Exclusive Interviews
Why an Illegal Phone Search Got This Man Kicked Out of the USA
By Joe Jarvis - May 25, 2018

There was no conceivable reason for border agents to be suspicious when “Charles” flew from Brazil to Chigaco, with a final destination of Denver.

But that didn’t stop them from searching his luggage, searching him, and finally searching his phone.

Customs and Border Protection has been ramping up their searches of the electronics of travelers to the United States. Over 30,000 people had their electronics searched at a U.S. airport last year while traveling to or from the United States.

In this interview, Charles tells me about his ordeal with the United States Customs and Border Protection. He was traveling to the United States to see a friend but was stopped at the airport and searched without probable cause, or even reasonable suspicion.

Finally, CBP Agents forced him to unlock his phone so they could troll through thousands of pictures, fishing for a crime. They didn’t find a crime, but they did find a picture of Charles with marijuana from over a year prior. Based on that picture, his visa was revoked.

This is an unfortunate warning to those traveling to, or through, the United States.

For U.S. citizens, you have some recourse. At least you cannot be denied entrance over the refusal to unlock your phone. But agents can certainly make your day–or in some instances the next few years of your life–difficult.

It is hard to tell exactly how CBP will respond to a refusal of an American citizen to comply with their electronic surveillance demands. They may indefinitely confiscate your electronics. They will definitely detain and harass you for as long as possible.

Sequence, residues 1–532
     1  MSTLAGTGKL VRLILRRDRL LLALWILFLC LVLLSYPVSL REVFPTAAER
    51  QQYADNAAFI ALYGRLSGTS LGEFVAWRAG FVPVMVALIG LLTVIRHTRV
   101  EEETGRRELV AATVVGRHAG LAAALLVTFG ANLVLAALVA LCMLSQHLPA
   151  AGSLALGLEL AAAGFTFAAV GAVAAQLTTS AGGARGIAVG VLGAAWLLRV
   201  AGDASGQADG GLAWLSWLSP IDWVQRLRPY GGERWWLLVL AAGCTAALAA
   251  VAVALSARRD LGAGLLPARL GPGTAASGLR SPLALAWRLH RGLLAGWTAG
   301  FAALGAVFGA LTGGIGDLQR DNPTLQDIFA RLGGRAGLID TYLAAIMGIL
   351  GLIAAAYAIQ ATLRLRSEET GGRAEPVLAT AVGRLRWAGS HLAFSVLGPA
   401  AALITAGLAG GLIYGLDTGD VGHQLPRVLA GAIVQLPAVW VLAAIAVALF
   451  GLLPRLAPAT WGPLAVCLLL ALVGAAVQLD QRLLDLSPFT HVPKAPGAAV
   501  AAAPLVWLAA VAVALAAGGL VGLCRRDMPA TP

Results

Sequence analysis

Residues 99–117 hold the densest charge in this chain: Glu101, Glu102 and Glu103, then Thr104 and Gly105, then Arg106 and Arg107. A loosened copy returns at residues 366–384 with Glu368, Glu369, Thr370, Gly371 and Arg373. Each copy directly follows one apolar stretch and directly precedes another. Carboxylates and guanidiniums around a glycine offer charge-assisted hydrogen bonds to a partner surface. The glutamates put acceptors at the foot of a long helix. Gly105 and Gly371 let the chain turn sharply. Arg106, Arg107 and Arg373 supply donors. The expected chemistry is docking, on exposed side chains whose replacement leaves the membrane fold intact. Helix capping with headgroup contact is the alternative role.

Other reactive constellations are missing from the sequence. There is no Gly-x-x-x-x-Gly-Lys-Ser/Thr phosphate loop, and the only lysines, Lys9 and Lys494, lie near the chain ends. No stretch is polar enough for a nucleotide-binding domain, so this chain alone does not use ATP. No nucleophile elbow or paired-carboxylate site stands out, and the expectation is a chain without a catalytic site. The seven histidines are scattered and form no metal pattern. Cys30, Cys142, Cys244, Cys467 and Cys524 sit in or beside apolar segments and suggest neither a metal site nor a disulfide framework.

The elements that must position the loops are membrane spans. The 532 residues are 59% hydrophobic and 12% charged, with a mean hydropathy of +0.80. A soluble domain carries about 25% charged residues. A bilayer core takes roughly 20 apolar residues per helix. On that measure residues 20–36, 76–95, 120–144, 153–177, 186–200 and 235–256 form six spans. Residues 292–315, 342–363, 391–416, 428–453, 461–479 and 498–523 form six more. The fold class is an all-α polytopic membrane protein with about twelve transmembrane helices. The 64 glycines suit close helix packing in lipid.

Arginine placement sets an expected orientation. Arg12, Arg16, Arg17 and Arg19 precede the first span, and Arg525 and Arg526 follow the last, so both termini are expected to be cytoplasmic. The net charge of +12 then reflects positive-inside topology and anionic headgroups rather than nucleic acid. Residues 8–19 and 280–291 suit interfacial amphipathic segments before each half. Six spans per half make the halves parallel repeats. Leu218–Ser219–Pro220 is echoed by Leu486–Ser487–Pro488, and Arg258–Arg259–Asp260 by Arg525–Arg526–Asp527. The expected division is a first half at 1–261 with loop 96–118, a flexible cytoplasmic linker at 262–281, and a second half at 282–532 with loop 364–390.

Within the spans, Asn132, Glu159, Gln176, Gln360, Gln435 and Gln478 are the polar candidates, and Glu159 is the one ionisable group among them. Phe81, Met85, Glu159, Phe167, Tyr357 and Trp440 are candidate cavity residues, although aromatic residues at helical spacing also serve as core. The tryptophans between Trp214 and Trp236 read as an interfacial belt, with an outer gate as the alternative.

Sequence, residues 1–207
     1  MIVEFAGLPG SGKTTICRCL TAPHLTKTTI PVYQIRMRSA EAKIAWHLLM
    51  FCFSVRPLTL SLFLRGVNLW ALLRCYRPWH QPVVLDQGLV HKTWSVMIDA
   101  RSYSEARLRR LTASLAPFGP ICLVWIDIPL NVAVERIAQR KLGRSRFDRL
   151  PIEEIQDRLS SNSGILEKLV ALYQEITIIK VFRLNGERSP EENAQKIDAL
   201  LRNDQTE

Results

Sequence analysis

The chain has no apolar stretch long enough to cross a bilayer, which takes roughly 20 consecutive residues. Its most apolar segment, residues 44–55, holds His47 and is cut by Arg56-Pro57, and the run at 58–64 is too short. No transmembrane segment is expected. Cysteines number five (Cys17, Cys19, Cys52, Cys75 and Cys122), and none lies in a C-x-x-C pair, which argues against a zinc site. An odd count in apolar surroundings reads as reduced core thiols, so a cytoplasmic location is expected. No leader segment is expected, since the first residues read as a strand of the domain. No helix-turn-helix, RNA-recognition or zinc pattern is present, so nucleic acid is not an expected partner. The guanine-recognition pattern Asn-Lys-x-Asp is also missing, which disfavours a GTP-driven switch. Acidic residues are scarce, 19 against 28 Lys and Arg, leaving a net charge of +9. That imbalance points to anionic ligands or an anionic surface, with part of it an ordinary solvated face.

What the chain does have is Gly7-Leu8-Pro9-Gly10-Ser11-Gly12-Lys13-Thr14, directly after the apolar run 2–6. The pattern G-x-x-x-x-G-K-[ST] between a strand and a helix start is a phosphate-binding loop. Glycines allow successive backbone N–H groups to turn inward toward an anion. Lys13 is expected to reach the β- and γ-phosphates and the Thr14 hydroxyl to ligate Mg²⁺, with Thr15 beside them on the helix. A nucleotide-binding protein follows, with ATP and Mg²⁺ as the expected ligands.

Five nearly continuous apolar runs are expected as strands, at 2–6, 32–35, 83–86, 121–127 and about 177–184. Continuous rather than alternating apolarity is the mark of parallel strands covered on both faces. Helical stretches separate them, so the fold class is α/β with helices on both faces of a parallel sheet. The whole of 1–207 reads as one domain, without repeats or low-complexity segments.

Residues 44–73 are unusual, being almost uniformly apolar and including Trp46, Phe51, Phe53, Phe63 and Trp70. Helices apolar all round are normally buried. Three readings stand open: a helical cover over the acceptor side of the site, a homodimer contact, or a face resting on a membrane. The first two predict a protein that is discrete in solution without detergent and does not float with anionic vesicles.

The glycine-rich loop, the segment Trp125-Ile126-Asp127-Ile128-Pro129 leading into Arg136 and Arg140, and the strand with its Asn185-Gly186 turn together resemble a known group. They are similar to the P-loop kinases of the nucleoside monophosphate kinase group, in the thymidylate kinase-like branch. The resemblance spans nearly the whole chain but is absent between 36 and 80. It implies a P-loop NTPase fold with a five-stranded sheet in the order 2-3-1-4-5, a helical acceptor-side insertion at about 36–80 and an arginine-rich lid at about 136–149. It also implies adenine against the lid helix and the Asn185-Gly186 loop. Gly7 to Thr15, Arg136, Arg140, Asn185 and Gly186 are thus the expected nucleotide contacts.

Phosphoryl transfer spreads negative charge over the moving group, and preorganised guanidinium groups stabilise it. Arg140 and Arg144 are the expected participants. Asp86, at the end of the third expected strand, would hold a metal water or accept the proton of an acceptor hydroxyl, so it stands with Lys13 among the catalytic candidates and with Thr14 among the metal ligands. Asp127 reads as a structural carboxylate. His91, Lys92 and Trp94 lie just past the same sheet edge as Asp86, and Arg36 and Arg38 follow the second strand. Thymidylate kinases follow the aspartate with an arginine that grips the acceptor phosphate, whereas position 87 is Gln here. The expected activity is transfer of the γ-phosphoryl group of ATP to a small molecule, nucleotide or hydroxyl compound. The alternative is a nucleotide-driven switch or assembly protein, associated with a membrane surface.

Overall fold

But remember that you do have the right to refuse to speak with agents without a lawyer present. Make sure your phone has a passcode when traveling, and not just a thumbprint or facial recognition. Courts go back and forth on this issue. But in general, courts sometimes hold that being forced to reveal a password violates the Fifth Amendment right against self-incrimination. But somehow they tend to rule being forced to give your thumbprint does not.

But for non-U.S. citizens, CBP encounters are something you need to prepare for, unfortunately. Delete any pictures or files which display activities that are illegal in the United States. Even consider getting a “burner” phone that you don’t mind losing. Yes, you can stand up for your rights. But you will be denied entry into the United States, and possibly have your visa revoked.

But remember, as was the case with Charles, even if you comply with Customs’ demands, there is no guarantee they won’t find some excuse to deny you.

It is easy to advise not to talk to police or any government agent, but this is much harder in the situation. When you have been placed in solitary confinement, flanked by large armed guards, threatened, and bullied, the defenses may come down, and you will just want to get out of the situation. Even remaining silent is no guarantee of safety for non-citizens. Agents can deny you access to the USA for basically any reason.

It is absurd that you should even have to consider such things. This is a testament to the growing power of the American surveillance and police state.

I’ve said in the past that I believe the due process protections allegedly protected by the Bill of Rights should be extended to everyone on American soil, not just American citizens.

As Charles pointed out, America is losing business due to this arbitrary harassment. It might be small scale now, but there is no guarantee that America stays on top forever. And if I wasn’t an American myself, I would be tempted to boycott travel to the country altogether. They don’t deserve the tourism dollars and the business of foreigners they harass.

If the government actually cares about the economy, promoting international business, and just making foreigners feel good about having ties to America, they will pull back their oppressive border tactics immediately.

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